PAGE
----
there's space for a variety of mobile devices. today's ultrabook is just fitting a "premium netbook" niche, which is fine - it's a valuable use-case. it's not the same use-case as tablets, though: they're are more of an appliance, less general-purpose, not suitable for serious typing, more for reading, less for multitasking. that's not to say that touch wouldn't be welcome on ultrabooks (actually, the big improvement there would be higher-quality IPS-type panels.)
Making products thinner and lighter is the path most developments take and this is what is happening in mobild computing too. I would see it as a next step in laptops but hope they don't mimic the tablets because that would mean taking aways the high computing power a laptop meant as a portable computing device.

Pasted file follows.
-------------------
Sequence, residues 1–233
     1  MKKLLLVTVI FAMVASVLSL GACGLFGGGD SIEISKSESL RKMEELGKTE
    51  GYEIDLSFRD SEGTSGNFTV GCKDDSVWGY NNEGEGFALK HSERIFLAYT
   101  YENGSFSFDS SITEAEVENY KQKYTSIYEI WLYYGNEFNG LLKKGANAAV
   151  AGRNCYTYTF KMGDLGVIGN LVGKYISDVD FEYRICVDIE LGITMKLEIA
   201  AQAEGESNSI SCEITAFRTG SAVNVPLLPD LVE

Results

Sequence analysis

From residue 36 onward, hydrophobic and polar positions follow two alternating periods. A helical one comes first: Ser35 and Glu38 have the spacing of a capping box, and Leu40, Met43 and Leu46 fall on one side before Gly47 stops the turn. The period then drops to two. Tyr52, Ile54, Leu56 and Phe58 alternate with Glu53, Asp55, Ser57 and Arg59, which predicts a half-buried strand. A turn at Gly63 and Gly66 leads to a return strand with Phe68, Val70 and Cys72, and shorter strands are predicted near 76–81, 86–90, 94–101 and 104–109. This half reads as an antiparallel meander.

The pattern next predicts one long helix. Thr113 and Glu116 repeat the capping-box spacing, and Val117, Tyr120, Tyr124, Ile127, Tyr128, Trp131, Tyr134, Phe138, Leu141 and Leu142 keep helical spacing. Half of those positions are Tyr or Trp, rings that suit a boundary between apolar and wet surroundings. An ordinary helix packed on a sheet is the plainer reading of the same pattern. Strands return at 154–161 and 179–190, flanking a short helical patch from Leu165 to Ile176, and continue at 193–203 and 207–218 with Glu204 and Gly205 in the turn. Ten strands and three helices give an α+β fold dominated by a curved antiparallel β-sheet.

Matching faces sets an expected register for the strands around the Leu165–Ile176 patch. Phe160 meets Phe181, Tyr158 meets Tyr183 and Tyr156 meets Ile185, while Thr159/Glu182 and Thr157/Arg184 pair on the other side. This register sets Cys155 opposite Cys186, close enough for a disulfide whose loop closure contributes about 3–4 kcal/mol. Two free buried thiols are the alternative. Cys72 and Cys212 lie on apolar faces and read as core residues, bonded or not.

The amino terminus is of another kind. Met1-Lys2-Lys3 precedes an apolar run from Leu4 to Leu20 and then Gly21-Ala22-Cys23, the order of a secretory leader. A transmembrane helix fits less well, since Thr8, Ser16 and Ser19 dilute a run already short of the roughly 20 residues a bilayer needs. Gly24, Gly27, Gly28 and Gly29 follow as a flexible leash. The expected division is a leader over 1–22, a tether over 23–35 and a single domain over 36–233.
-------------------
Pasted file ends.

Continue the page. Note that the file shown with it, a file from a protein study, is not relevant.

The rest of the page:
Drones are, in essence, flying autonomous vehicles. Pros and cons surrounding drones today might well foreshadow the debate over the development of self-driving cars. In the context of a strongly regulated aviation industry, "self-flying" drones pose a fresh challenge. How safe is it to fly drones in different environments? Should drones be required for visual line of sight – as are piloted airplanes? Join EE Times' Junko Yoshida as she moderates a panel of drone experts.